Outlined below is a brief history and review of the the Jeep Comanche nameplate. It is meant as a simple summary for the novice. For more advanced information be sure to check out our Forum page for resources on technical data and specifications.
The Comanche is the nameplate for one of the rare Jeep compact “cowboy” pickups. The Jeep Comanche was first produced by AMC in 1986 and then by Chrysler from 1987 to 1992. Like all other Jeep models the Comanche had a unique two character abbreviated designation. This was a practice carried over from the Jeep Willys Military days. The Comanche was known as the MJ and had its body, styling, engineering and drivetrain all based on the XJ, the early Cherokee/Wagoneer models.
Features & Specs
- Manufacturer: American Motors (AMC) / Chrysler
- Model Years: 1986, 1987, 1988, 1989, 1990, 1991, 1992
- Layout: Front Engine & Rear Wheel Drive / 4WD
- Total Produced: 190,446
- Trims: See List of Trims
- Based on: Cherokee/Wagoneer XJ
- Predecessor: Jeep CJ-8 (Scrambler)
- Successor: Dodge Dakota
- 2.1 L Renault J8S turbo diesel I4
- 2.5 L AMC 150 I4
- 2.8 L GM LR2 V6
- 4.0 L AMC 242 I6
- 4-speed Aisin AX-4 manual
- 5-speed Aisin AX-5 manual
- 5-speed Peugeot BA-10/5 manual
- 5-speed Aisin AX-15 manual
- 3-speed A904 automatic
- 4-speed Aisin AW-4 automatic
- Wheelbase: 113 in SWB / 119.6 LWB
- Length: 194 in
- Width: 71.7 in
- Height: 64.7 in
Compact Pickup Background
Initially pickup trucks and jeep vehicles were very utilitarian. They were mainly used by farmers, ranchers, hunters and others that wanted bare bones amenities but capable off-road ability. As the auto market matured in the 1980s small compact pickups became more desirable for a few different growing private and public segments. This was partly due to foreign competitors such as Toyota and Nissan but also because of the continued shift from agricultural to industrial to a service based economy.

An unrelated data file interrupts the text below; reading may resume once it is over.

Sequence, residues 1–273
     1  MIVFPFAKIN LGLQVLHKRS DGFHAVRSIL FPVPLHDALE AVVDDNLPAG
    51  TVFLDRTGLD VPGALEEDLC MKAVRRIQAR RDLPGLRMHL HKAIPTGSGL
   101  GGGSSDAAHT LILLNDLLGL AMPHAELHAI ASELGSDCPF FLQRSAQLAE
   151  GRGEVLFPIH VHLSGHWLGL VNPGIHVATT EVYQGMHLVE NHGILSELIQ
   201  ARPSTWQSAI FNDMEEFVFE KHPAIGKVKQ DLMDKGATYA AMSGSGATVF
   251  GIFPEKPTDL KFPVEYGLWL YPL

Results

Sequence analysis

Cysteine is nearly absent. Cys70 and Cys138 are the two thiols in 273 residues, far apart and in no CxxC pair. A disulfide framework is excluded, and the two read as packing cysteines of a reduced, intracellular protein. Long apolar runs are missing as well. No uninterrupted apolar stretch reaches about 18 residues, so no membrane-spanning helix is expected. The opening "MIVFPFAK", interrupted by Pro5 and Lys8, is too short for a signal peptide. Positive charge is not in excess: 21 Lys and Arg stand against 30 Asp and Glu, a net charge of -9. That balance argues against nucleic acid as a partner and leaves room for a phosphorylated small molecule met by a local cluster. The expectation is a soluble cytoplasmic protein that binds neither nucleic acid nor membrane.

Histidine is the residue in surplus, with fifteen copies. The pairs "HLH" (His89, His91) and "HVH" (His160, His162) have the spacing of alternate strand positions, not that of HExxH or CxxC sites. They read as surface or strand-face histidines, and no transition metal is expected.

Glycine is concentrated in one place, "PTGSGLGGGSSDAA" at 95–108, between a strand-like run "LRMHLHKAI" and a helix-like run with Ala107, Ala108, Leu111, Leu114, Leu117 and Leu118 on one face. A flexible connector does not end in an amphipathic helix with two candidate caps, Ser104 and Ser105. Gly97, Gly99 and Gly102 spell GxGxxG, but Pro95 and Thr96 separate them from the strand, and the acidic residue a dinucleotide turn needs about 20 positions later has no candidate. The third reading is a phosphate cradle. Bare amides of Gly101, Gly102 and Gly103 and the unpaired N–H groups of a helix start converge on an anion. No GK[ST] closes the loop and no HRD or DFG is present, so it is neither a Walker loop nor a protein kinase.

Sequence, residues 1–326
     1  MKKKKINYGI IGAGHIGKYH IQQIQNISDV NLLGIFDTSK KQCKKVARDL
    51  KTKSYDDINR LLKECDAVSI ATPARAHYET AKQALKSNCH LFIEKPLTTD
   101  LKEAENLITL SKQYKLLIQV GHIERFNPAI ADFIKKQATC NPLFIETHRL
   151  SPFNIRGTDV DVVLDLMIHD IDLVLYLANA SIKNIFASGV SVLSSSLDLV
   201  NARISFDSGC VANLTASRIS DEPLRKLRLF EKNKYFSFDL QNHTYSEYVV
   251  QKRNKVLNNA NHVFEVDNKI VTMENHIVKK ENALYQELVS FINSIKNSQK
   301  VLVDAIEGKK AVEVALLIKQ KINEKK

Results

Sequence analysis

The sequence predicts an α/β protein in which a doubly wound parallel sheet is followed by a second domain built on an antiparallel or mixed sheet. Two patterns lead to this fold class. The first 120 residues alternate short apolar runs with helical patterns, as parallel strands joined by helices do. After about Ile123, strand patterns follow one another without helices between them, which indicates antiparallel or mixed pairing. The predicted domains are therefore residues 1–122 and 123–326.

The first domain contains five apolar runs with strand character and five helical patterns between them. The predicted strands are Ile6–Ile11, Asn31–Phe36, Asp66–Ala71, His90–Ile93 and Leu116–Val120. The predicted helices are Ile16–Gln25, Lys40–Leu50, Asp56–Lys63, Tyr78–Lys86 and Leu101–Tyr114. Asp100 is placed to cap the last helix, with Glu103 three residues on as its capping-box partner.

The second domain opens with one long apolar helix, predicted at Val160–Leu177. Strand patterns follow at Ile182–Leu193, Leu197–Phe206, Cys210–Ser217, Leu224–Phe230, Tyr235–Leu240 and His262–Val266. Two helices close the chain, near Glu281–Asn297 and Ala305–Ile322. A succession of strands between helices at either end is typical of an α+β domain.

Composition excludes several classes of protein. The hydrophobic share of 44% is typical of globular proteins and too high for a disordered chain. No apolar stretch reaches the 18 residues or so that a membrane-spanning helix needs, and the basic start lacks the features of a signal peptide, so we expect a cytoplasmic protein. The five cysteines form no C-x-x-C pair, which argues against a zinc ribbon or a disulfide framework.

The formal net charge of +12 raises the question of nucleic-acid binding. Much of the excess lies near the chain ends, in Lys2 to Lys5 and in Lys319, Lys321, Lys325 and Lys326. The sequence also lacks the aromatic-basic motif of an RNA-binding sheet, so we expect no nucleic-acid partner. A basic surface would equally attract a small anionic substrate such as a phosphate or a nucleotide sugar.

Commercial contractors, professionals and tradesman such as plumbers, locksmiths and electricians began to use compact pickups in favor of better fuel economy. Pickups also became popular among regular private citizens for general purposes and recreational use. This was particularly the case with the Jeep Comanche because of it carrying the off-road proven and capable Jeep name. From the start enthusiasts were modifying Comanche trucks for more extreme off-road capability.
Comanche Design & Stock Components
Although the Comanche was based on the XJ it was more of a conventional truck design. This included a removable cargo box and body-frame design. Although the VW Rabbit Pickup and Dodge Rampage were actually classified as “coupe utilities” because the cargo bed was not removable they would be considered the closest competitors at the time.
The Comanche was available in both 2WD and 4WD with a 7 foot long bed and shorter 6 foot cargo bed introduced in 1987. One of the key difference between the Comanche and comparable pickups was that it featured a tough “Uniframe” design with rails that were over eight inches deep. Cosmetically the Comanche shifted from a ten slot grille (Cherokee) to the iconic eight (CJ) slot in 1988.
Suspension on the Comanche was unique for the time to Jeep. It featured front coil springs with upper and lower control arms called the “Quadra-Link” suspension. The idea was to provide much greater axle articulating for off-roading on rugged uneven terrain. A track (sway) bar was also used to keep the axle centered. This revolutionary front suspension design would be replicated and used on the Grand Cherokee, Dodge Ram as well as the TJ and beyond Wranglers.
Rear suspension would feature more standard leaf springs but longer than the Cherokee to provide for better hauling capacity. The standard rear axle was a Dana 35. A larger Big Ton package was also available with larger leafs, wheels, tires and a Dana 44 rear axle. This increased payload from 1,400 lbs to 2,205 pounds which was superior to all other compact pickups of the time.
The cult classic Jeep Comanche was only produced for seven model years but was around long enough to leave an imprint on the enthusiast community. Unlike other similar vehicles of the era, the Comanche is still sought after by 4wd enthusiasts and Jeep lovers.
Because of the effort for Chrysler to fit the Jeep brand within its other core offerings, the Dodge Dakota was actually the successor to the Comanche. Chrysler would not create another Jeep pickup and instead decided to focus on SUVs and off-road utilities for the Jeep brand, while utilizing the Dodge Marque for pickup trucks.
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